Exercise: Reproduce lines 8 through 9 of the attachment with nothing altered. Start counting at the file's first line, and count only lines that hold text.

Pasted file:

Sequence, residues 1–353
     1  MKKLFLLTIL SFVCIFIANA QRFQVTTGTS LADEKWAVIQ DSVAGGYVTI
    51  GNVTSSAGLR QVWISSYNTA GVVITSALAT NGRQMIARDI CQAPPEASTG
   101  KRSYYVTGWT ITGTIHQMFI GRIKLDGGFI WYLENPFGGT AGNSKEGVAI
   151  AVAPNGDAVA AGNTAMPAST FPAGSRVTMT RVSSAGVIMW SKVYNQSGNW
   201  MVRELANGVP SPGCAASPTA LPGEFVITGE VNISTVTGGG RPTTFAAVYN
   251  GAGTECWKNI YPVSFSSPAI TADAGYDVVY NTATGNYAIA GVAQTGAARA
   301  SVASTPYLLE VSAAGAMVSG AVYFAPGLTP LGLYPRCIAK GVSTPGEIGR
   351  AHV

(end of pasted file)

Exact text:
   301  SVASTPYLLE VSAAGAMVSG AVYFAPGLTP LGLYPRCIAK GVSTPGEIGR
   351  AHV